Yeah, sort of. We trust him to make something awesome anyways, it’s not about that, but he – for example – and Katla have been discussing the lyrics together so they can go hand-in-hand in that sense, so they talk quite a lot about it, what the lyrics are about, what they are hiding, and then he makes something out of it. This one, I actually didn’t see anything before the final draft, or really close to being finished. He had two versions of it and asked which one did we like. Everybody actually liked the same one more, so he fixed some small elements and then it was done. The front cover came very easily this time and it’s one of my favorite ones that he’s done. I really like it. The color scheme is really nice, with the green and magenta.

I agree. The style is also a bit more air-brushed than pencil this time as well, so it stands out as a bit more different. You guys have also had these animated videos – how involved are you in the artwork for those?

They of course check our style out. The same artist did the “Under Bergets Rot” video as well, so it’s the same people behind it again and it’s actually why we chose them again. We were really happy with “Under Bergets Rot,” so we wanted the same kind of style and when you see the new video, you’ll be able to see some tributes to the other video as well. So they listen to the lyrics and we explain what they are about and I trust them as well. They came back with ideas, like this is going to be the main character, this is going to be this, and when everybody said go, we let them go with it, saw the script, and it turned out really cool. It’s different, even if the style is a bit the same. This one is maybe a bit deeper and more psychedelic, but in the same kind of playful way.

I guess we’re running out of time, so I’ll start to wrap this up. Are you planning any streams or events in the future?

We’re planning [laughs] and we were supposed to release some kind of info about it a couple weeks ago but now with the second wave coming, we’re still waiting for the Finnish government to give us some kind of guidelines on what we can and cannot do, so stuff is going on and it seems right now that we need to wait to release any info. But there’s definitely stuff happening, in terms of gigs in Finland. It’s all up to what the government decides and can we actually sell any tickets or are we just going to do a stream or what is going to happen. It’s really uncertain right now. We have a European tour in March and April and before that, something will happen but we don’t know when.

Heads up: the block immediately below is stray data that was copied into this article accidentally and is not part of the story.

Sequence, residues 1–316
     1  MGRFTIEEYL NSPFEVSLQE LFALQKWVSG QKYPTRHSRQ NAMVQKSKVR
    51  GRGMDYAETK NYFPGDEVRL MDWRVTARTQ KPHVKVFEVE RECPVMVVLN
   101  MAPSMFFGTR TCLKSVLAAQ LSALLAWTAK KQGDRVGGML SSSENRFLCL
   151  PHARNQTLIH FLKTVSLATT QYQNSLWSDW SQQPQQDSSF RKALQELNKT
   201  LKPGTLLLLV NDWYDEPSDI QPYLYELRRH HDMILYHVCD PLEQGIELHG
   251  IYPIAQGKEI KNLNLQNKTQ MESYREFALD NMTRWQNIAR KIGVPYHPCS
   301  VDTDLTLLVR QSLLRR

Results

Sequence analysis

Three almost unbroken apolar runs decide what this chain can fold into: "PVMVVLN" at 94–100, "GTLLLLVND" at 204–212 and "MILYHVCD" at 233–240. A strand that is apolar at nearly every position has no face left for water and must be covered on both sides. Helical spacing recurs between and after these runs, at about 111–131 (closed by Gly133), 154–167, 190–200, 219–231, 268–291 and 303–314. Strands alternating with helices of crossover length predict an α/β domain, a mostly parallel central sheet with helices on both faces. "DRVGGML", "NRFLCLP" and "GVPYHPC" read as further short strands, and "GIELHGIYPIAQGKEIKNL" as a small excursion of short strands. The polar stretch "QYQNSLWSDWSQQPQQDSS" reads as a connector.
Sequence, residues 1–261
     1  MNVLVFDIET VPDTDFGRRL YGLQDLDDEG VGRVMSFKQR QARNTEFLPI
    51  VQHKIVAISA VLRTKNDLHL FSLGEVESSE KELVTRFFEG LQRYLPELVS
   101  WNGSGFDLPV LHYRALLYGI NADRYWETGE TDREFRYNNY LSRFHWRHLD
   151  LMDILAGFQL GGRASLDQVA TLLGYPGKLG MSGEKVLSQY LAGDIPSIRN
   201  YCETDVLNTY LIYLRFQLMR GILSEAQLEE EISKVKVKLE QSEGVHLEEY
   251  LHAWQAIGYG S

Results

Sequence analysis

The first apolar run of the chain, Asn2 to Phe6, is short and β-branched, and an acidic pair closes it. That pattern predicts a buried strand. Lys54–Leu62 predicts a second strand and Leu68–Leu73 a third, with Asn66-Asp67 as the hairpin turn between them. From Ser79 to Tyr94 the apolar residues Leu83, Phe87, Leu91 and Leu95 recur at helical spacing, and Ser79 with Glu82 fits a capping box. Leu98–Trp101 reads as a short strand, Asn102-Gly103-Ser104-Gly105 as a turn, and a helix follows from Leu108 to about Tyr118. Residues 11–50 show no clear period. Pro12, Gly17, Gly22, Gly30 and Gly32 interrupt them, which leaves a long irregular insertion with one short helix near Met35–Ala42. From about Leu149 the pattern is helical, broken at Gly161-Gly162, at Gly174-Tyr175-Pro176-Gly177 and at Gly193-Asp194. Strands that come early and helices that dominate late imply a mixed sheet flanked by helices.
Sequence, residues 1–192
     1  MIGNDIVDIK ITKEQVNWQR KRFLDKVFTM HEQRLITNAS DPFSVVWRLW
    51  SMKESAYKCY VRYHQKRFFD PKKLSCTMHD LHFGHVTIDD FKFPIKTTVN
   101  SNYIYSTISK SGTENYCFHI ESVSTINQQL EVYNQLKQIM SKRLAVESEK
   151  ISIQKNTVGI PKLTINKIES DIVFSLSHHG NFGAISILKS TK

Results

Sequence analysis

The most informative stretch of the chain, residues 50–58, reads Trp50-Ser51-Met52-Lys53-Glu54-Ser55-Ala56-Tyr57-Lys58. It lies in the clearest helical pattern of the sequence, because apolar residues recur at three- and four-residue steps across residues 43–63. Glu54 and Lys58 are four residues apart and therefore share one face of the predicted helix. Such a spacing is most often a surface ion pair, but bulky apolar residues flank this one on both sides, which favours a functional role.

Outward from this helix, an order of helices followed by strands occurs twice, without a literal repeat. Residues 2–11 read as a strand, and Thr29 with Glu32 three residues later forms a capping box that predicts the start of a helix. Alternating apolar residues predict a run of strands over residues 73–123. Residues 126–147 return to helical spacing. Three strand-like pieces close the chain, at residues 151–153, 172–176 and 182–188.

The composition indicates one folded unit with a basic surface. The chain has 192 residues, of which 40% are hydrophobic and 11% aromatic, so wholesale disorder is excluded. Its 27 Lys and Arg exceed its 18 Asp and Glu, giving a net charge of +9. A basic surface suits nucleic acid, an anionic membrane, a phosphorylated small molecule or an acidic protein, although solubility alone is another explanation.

Is there anything else you’d like to mention before I let you go?

Actually, you mentioned that you’re from Canada. Over there are lots of people asking us all the time when are we going to come over. I really want to point out that we’re coming and we have big plans. Unfortunately, everything is like half a year late because of corona, so we have to move all our plans half a year or so like that, but stuff is happening! I haven’t been in a tour bus since 2016, so I’m missing it a bit.

That’s all of my questions then. Thank you very much!

No problem!

Interview by Bear Wiseman
Musicalypse, 2020
OV: 411